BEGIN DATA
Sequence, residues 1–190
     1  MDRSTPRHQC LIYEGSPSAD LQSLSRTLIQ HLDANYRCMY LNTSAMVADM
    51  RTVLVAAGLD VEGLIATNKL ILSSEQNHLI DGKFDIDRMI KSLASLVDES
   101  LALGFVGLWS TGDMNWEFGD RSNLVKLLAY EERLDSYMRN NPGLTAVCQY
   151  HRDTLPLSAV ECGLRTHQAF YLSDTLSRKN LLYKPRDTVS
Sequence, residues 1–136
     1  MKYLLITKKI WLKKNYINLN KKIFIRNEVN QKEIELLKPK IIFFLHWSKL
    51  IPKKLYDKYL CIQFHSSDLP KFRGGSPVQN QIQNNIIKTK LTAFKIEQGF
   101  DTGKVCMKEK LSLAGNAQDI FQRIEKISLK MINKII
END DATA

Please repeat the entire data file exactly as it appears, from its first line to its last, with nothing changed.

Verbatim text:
Sequence, residues 1–190
     1  MDRSTPRHQC LIYEGSPSAD LQSLSRTLIQ HLDANYRCMY LNTSAMVADM
    51  RTVLVAAGLD VEGLIATNKL ILSSEQNHLI DGKFDIDRMI KSLASLVDES
   101  LALGFVGLWS TGDMNWEFGD RSNLVKLLAY EERLDSYMRN NPGLTAVCQY
   151  HRDTLPLSAV ECGLRTHQAF YLSDTLSRKN LLYKPRDTVS
Sequence, residues 1–136
     1  MKYLLITKKI WLKKNYINLN KKIFIRNEVN QKEIELLKPK IIFFLHWSKL
    51  IPKKLYDKYL CIQFHSSDLP KFRGGSPVQN QIQNNIIKTK LTAFKIEQGF
   101  DTGKVCMKEK LSLAGNAQDI FQRIEKISLK MINKII